How strange it must have seemed for US lawmakers to be suddenly facing what was described as a "mob", not so much storming as striding into the Capitol with angry purpose. A terrified security force proved understaffed and overwhelmed. Members of Congress hid. Five people lost their lives.
With the US imperium responsible for fostering numerous revolutions and coups across the globe during its history, spikes of schadenfreude could be found. China's state paper Global Times found it irresistible to use the pro-democracy protests in Hong Kong as a point of comparison. House Speaker Nancy Pelosi's remark that the Hong Kong protests were "a beautiful sight to behold" was rubbed in the face of US lawmakers. Chinese Foreign Ministry spokesman Hua Chunying, remarking on the gloating reaction of Chinese netizens, also referred to remarks by US lawmakers on the Hong Kong protests.
It did not take long for carelessly chosen words such as "coup" to find their way into the political stuttering, as if President Donald Trump had somehow been having beer hall meetings in an atmosphere thick with plotting. Presidential historian Michael Beschloss was one. "This is a coup d'état attempted by the president of the United States."
Many members of Congress concurred. "What happened at the US Capitol yesterday was an insurrection against the United States, incited by the president," concluded Democratic Senator Chuck Schumer in a statement. "This president should not hold office one day longer." Republican Senator Mitt Romney also stated that "an insurrection, incited by the president of the United States," had taken place. Republican Rep. John Curtis went further, calling the move on the Capitol "an act of domestic terrorism inspired and encouraged by our president."
Meaty words for scenes more nastily absurd than politically planned or devised, despite assertions by Republican Rep. Liz Cheney of Wyoming that "the president formed the mob, the president incited the mob, the president addressed the mob."
This summation is all too tidy. It would have been far better to see the rioters much as the commander-and-chief himself: disposed to chaos, unrepentant in petulance. There was the QAnon conspiracy theorist Jake Angeli, sans shirt but donning a fur hat with Viking horns and spear, treating the occasion like a Christmas panto. There was Richard "Bigo" Barnett, who occupied, for a moment, the chair of House Speaker Nancy Pelosi, leaving a note reading: "Nancy, Bigo was here, you bitch."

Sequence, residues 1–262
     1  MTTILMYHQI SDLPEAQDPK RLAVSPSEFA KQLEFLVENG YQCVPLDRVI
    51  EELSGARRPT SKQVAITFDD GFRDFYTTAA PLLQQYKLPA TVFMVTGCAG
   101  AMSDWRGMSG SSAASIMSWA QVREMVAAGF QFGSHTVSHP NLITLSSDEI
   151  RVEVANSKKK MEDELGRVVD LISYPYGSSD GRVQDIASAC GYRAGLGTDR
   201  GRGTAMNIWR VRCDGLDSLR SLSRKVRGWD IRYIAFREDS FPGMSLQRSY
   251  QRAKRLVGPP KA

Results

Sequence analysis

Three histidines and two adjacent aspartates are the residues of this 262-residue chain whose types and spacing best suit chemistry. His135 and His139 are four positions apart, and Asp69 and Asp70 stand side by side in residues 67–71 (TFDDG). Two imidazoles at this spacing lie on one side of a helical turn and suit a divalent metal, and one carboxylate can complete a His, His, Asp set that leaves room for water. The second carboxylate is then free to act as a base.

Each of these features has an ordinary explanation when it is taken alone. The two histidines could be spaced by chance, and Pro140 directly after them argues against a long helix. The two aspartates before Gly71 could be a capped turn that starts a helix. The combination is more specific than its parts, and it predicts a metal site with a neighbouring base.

There is no denying that such protestors had been offered rich encouragement by the president to protest the certification of the election results by Congress. "You'll never take back our country with weakness," he said coaxingly. Preoccupied with his own version of the stab-in-the-back theory involving a "stolen" election, Trump is crafting a version of history that, should it stick, will propel him for a future campaign to retake the White House.
The Capitol incident had tickled and teased out the prospects of a real coup, currently being hatched by a rerun of the impeachment narrative and suggestions that the 25th Amendment of the US constitution be invoked. Section 4 of the amendment establishes a process by which the president can be declared "unable to discharge the powers and duties of his office" provided the vice president and a majority of "the principal officers of the executive departments" think so. The prospect of a hazardous use of that amendment is in the offing.
The wording of the amendment is broad and undefined, even though the original intent of it remains one of removing an executive who suffers true incapacity. The idea of medical emergency lies at its core. Even then, a letter has to be signed to the speakers of the House of Representatives and the Senate. The president is also given a chance to offer a written response contesting the finding, leaving it to Congress to decide. A supermajority of two-thirds in both congressional chambers would then be required.
Press outlets such as the New York Times and Washington Post, and organisations such as the National Association of Manufacturers have not bothered themselves too much about the original nature of the provision and its purpose. President and CEO of the latter, Jay Timmons, took the broadest interpretation for the sake of urgency. "Vice President Pence, who was evacuated from the Capitol, should seriously consider working with the Cabinet to invoke the 25th amendment to preserve democracy."
Various lawmakers have also adopted an expansive, if cursory interpretation. In the view of Vermont's Republican Governor Phil Scott, "President Trump should resign or be removed from office by his Cabinet, or by the Congress."
Democratic members of the House Judiciary Committee, in their note to Pence, urge him along with a majority of Cabinet secretaries, to find Trump unable to discharge the powers and duties of his office. They even go for a layman's diagnosis of his mental wellbeing. "Even his video announcement this afternoon, President Trump revealed that he was not mentally sound and is still unable to process and accept the results of the 2020 election."